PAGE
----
Question – A recent report detailed cases of botulism type E that occurred after consumption of fesikh. What is fesikh?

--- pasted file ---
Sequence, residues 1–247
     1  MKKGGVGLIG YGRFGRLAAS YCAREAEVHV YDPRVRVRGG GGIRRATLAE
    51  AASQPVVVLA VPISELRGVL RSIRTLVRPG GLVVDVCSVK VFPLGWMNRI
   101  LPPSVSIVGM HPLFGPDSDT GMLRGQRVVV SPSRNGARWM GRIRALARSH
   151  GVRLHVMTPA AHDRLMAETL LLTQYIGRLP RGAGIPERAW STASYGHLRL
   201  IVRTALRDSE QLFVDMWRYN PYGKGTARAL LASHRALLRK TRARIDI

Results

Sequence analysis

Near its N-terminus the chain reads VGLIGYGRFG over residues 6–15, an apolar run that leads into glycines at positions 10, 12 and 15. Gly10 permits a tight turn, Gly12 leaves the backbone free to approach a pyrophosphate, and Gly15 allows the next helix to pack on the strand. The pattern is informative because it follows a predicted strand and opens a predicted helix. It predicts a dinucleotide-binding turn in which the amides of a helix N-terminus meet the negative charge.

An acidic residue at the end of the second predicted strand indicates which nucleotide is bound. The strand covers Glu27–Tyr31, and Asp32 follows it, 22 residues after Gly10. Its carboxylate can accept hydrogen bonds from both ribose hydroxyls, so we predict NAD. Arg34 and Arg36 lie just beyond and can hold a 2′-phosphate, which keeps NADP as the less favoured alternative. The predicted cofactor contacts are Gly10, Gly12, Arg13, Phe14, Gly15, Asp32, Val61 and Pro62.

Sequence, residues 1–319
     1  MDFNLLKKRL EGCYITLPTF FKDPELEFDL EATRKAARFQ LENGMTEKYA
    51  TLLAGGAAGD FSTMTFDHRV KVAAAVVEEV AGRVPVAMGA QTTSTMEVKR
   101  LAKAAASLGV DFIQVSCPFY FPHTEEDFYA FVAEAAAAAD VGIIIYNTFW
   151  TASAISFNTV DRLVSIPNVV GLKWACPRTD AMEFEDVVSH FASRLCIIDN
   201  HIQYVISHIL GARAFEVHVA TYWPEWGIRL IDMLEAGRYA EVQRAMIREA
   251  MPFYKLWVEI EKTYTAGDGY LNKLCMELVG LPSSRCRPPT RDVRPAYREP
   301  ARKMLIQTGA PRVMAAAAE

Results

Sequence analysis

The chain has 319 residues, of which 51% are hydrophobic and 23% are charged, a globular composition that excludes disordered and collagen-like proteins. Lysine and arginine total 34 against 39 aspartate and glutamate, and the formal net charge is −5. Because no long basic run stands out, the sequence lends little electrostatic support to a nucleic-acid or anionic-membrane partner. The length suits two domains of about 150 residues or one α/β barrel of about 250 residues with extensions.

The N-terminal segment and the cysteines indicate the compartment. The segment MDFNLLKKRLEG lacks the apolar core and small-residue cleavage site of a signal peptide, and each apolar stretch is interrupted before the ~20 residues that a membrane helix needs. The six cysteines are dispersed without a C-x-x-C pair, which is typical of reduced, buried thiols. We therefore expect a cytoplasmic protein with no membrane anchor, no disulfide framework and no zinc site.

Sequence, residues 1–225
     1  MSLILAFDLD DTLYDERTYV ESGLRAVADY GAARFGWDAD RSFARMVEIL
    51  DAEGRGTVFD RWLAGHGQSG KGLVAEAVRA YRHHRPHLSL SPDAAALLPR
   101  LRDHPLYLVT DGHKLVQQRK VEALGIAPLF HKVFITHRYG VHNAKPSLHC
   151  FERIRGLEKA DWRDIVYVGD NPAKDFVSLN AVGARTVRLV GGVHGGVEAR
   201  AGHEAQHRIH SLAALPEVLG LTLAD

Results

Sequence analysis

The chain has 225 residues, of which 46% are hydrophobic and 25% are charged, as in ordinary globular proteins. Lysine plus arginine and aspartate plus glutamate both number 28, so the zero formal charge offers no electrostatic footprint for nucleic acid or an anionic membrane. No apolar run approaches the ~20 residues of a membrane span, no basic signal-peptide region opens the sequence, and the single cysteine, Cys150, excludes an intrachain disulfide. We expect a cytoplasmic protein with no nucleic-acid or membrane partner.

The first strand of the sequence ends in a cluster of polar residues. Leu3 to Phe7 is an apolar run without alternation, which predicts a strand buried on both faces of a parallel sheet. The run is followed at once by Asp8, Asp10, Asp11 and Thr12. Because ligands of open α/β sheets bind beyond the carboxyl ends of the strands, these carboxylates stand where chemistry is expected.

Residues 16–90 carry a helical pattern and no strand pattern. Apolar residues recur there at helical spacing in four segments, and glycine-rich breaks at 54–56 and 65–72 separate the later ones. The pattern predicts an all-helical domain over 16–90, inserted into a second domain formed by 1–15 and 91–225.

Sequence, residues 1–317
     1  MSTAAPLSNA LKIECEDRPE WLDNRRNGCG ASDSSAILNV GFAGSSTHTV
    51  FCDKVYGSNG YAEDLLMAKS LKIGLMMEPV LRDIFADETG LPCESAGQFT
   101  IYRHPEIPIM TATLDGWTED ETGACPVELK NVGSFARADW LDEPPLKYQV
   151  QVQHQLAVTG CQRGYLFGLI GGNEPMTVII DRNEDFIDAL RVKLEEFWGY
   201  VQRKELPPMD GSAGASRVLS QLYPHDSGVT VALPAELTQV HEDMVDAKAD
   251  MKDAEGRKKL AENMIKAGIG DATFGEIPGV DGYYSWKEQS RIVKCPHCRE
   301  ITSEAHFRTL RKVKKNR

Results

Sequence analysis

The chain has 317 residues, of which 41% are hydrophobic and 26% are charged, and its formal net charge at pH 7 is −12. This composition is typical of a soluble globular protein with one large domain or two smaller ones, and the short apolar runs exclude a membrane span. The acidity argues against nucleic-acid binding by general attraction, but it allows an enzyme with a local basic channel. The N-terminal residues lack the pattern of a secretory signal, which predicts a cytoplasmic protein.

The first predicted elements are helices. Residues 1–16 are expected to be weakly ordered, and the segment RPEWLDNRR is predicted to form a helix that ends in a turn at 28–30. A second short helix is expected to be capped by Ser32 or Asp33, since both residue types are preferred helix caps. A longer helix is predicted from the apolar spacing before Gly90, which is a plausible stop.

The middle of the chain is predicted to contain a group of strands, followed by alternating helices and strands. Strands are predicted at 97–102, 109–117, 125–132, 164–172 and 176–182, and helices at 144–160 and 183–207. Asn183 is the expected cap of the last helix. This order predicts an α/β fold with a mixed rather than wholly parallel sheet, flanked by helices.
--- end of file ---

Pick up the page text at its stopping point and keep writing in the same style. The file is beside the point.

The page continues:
Answer – The cited article states fesikh is “a traditional Egyptian fish dish of uneviscerated gray mullet that is fermented and salt-cured. Fesikh has been linked to foodborne botulism, including a large type E outbreak in Egypt in 1993. The Egyptian Ministry of Health has since issued public health warnings regarding fesikh before Sham el-Nessim, the Egyptian holiday commemorating the beginning of spring, during which fesikh is commonly prepared and eaten. Foodborne botulism outbreaks associated with fesikh and similar uneviscerated salt-cured fish have also occurred in North America; two outbreaks occurred among persons of Egyptian descent in New Jersey in 1992 and 2005. (Ganapathiraju PV, et al. Notes from the Field: Botulism Type E After Consumption of Salt-Cured Fish — New Jersey, 2018. MMWR Morb Mortal Wkly Rep. 2019;68:1008-1009. DOI: http//dx.doi.org/10.15585/mmwr.mm6844a3)